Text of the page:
On the 2nd of December, 2021, the students of the Journalism batch had the opportunity to attend an enriching guest lecture from the esteemed Dr. Pradeep Nair, on the role of Information and Communications Technology (ICTs) in development. They gleaned invaluable insights from this lecture, which was a part of their Fundamentals of Development Communication module.
Dr. Pradeep Nair is a Professor of New Media and the Dean of the School of Journalism, Mass Communication and New Media, as well as the Director of Research, Central University of Himachal Pradesh, Dharamshala. His research interests focus on pedagogical approaches of media education, media governance in transitional democracies, health communication and promotion, even as he supervises doctoral students researching in these fields. He also works in editorial positions at various journals, such as the Frontiers in Digital Health, and the Asia Pacific Media Educator (APME), among others. He has been awarded Top Peer Reviewer in Social Sciences by Web of Science and Clarivate Analytics in 2019 and is currently reviewing for the British Medical Journal, WHO Health Bulletin, Health and Technology, Pedagogy in Health Promotion, Asian Ethnicity and Frontiers in Public Health.
Dr. Nair started off his talk by mentioning that it was ICTs that allowed him to interact with the students of SCMC from thousands of miles away. He talked about how the focal point of ICTs in development communication was to improve information opportunities, the information health of communities, and the information vitality of democracy. There is a need for “Informed Communities,” he said, a place where the information ecology meets people’s personal and civic information needs. He also mentioned that ICT tools could be used to encourage people’s participation in governance.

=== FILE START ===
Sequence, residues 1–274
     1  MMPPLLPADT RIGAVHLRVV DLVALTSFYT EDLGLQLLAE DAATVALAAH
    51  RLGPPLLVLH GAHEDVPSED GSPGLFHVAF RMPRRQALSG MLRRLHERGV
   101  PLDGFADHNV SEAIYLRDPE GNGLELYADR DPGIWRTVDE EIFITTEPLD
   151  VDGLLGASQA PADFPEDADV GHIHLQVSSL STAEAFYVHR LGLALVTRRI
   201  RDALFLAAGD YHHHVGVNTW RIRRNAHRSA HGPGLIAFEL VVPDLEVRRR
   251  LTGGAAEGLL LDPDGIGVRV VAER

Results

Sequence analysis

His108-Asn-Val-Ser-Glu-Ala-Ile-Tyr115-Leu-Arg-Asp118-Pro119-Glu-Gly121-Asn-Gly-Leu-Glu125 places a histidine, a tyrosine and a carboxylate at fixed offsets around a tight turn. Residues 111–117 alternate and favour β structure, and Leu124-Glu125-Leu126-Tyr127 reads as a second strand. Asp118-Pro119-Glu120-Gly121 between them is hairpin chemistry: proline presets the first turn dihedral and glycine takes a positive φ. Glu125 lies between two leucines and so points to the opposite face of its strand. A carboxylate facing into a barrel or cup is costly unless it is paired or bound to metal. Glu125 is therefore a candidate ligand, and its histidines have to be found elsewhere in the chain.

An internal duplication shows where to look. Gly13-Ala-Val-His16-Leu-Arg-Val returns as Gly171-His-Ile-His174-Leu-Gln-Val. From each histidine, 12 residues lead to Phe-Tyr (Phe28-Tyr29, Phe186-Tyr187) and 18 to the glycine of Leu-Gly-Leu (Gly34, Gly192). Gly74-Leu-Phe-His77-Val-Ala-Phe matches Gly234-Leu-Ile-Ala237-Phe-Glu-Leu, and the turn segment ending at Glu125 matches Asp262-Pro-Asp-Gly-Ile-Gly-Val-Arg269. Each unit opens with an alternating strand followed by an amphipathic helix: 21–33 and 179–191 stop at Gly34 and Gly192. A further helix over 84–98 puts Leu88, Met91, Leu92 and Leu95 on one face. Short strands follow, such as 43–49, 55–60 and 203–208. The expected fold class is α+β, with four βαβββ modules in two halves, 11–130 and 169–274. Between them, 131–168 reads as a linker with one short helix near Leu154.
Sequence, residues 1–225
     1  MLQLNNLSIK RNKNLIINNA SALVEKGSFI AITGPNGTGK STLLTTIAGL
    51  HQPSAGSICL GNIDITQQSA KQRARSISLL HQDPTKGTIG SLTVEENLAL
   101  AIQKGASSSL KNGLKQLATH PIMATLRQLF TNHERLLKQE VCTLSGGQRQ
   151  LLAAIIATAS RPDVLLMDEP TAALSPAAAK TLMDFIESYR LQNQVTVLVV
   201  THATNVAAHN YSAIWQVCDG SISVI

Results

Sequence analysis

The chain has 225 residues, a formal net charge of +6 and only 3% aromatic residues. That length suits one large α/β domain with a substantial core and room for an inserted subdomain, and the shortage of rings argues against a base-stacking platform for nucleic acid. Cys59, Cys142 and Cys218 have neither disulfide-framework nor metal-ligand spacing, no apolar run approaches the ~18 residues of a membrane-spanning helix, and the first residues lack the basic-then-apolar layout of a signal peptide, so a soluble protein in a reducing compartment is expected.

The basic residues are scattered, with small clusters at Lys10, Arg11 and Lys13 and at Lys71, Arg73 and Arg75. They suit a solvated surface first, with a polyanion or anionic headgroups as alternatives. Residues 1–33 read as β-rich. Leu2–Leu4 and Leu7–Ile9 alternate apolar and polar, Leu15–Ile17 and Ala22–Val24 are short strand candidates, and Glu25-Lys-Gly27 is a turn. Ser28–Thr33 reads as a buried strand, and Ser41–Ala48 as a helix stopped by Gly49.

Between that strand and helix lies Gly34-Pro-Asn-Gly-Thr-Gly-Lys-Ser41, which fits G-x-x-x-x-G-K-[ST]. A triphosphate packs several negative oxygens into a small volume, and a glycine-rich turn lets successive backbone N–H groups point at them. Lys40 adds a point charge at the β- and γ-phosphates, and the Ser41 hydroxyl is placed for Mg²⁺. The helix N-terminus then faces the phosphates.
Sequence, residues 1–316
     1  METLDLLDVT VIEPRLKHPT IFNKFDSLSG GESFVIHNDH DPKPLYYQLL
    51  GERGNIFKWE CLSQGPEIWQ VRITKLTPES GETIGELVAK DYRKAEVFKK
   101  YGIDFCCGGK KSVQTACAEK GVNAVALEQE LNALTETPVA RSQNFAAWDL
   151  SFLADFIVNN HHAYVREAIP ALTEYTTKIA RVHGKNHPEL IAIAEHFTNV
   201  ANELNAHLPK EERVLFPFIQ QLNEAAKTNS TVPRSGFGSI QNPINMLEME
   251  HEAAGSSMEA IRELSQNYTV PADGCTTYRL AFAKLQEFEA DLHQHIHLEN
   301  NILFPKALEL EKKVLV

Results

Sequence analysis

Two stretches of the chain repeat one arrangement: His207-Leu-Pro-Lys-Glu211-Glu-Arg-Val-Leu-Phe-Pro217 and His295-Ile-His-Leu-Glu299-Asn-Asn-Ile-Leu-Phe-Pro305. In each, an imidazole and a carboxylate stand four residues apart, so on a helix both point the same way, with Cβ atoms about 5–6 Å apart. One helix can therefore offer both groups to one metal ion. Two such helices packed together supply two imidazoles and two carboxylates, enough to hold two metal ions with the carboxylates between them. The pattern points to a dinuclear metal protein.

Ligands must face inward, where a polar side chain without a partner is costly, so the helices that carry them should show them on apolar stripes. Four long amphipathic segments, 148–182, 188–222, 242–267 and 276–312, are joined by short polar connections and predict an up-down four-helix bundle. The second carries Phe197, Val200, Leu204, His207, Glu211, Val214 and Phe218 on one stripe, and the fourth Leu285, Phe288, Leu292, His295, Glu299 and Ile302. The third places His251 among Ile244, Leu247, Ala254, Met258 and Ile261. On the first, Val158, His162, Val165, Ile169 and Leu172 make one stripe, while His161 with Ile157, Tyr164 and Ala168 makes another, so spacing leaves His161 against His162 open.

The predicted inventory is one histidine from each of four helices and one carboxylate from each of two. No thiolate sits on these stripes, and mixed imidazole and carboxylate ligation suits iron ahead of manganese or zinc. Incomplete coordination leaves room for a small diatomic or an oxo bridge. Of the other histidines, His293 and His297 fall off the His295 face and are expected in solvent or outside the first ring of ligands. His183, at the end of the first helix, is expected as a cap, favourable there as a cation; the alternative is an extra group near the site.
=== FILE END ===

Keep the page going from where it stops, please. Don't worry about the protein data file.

“It’s an entire world, a communication world,” he said, expanding upon how ICTs have improved the information flow, by providing ample opportunities to everyone to discover, gather, contextualize and share information.
Dr. Nair then spoke about how communication is a two-way process only because of the concept of sharing — but to be able to do that with ICTs, certain skills are required to know how to use it effectively. “Development communication is all about mobilizing and motivating people to participate in the development process,” he explained, delving into how new media platforms have the scope to bring about change. The pandemic has expanded the digital divide, he said, and then brought up case studies to help the students understand how ICTs have been used to facilitate development.
After an engaging question and answer session with the students, Dr. Nair also graciously added that if any of the students needed help with their dissertations, they could always reach out to him, for which the students were very grateful. As the students of the Journalism specialization harbor an interest in reporting people’s issues, they were very glad to have this opportunity to converse with Dr. Nair on a related subject that he was so well-versed in. Glad to have been a part of the session, the students were able to take away many learnings about the role of ICTs in development communication in terms of citizen awareness, engagement and mobilisation.